There were many factors which equated to any decision, however I ask myself – have I don’t the right thing?

This is the first time ever in my life that I’ve never been employed. Well since I was 15 – I started waitressing and worked in a restaurant kitchen 4 nights per week after school at the tender age of 15 but prior to that was baby sitting on a regular basis from about 13 years old earning approx $50 per week (back then – think circa 1993 – this was a lot of money for a tween) This is also the first time ever that I’ve had to rely on someone else. I’ve always provided for myself.

So this is a bad thing you ask? It is as I’m very self sufficient and proud. At any point in my 20’s I would work 2 jobs and an very proud to say purchased my own first home at 26. With my own hard earned money with no hand outs or gifts or help from anyone. Just me and my savings account. 🙂

So I’ve had to learn, to ask my husband for money – this is a task to me as I’m a proud person to hates to ask for anything.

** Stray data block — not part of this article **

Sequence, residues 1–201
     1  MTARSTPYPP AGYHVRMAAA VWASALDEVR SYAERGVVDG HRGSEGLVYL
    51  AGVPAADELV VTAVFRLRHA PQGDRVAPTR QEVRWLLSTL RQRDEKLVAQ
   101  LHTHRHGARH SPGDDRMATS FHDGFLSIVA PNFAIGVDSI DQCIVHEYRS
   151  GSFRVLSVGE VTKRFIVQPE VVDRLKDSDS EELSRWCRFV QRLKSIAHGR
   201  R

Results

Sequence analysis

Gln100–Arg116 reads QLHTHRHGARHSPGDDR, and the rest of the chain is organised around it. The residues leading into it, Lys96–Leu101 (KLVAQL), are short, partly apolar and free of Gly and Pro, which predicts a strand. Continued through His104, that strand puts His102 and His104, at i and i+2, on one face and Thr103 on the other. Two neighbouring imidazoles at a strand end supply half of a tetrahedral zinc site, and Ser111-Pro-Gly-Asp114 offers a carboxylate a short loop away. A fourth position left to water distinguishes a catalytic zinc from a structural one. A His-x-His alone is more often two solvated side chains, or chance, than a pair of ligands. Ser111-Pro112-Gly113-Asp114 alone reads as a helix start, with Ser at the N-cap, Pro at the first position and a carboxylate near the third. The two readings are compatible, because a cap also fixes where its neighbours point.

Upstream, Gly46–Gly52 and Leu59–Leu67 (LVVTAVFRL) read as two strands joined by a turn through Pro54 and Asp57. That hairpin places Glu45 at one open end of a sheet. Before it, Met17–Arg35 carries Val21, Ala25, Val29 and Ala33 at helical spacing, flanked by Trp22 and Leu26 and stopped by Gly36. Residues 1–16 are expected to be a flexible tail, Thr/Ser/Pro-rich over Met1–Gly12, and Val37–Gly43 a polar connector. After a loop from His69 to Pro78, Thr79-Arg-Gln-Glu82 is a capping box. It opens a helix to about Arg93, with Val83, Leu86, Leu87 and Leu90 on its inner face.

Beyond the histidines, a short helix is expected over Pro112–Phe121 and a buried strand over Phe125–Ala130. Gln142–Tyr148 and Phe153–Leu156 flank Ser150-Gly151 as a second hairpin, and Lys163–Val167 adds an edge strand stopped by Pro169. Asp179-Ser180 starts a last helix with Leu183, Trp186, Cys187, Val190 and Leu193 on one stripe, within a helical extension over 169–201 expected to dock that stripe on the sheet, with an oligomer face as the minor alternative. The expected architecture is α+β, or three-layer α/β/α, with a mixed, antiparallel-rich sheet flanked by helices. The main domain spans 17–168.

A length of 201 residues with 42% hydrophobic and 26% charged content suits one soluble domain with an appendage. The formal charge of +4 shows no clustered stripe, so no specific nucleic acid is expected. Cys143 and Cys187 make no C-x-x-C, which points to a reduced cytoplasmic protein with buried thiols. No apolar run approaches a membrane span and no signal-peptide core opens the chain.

I’ve always been on a budget as I’ve also arrived to save and provide for myself so this isn’t new, but I’ve never been unemployed.

How will I fill my days?

Well I plan on spending every minute with my little guy. I’ve felt guilty working whilst he has been so young. I’ve been consumed with thoughts that I’ve missed out on precious moments with him.

Now it’s time for me to relish in being a mummy. Gosh we tried so hard to have him – that’s another story of daily Chinese herbs, acupuncture 3 times per week, daily meditation, a clean natural diet with no preservatives and weekly yoga!

So my time to be a mummy!

Tell me do you feel guilty?

Do you feel society puts pressure on you to work and be a mummy?

Do you feel judged for not wanting to be employed?

How do you juggle being employed and being a mummy?

Don’t get me wrong, I actually believe that being a mother is the most rewarding job ever. If I were to write a list of daily jobs that make up being a mother you may be shocked however I defiantly take my hat off to those mothers who can do it all.

I struggled not with time management but with guilt. I couldn’t get my head around leaving my little guy 5 days nor could I stop feeling guilty that I had a sense of owing the company that I worked for.

All in all a very tough decision for me.

Well I always have my blog!

Tell me your story. Do you work? How do you juggle? Do you feel guilt with regards to your company or your family?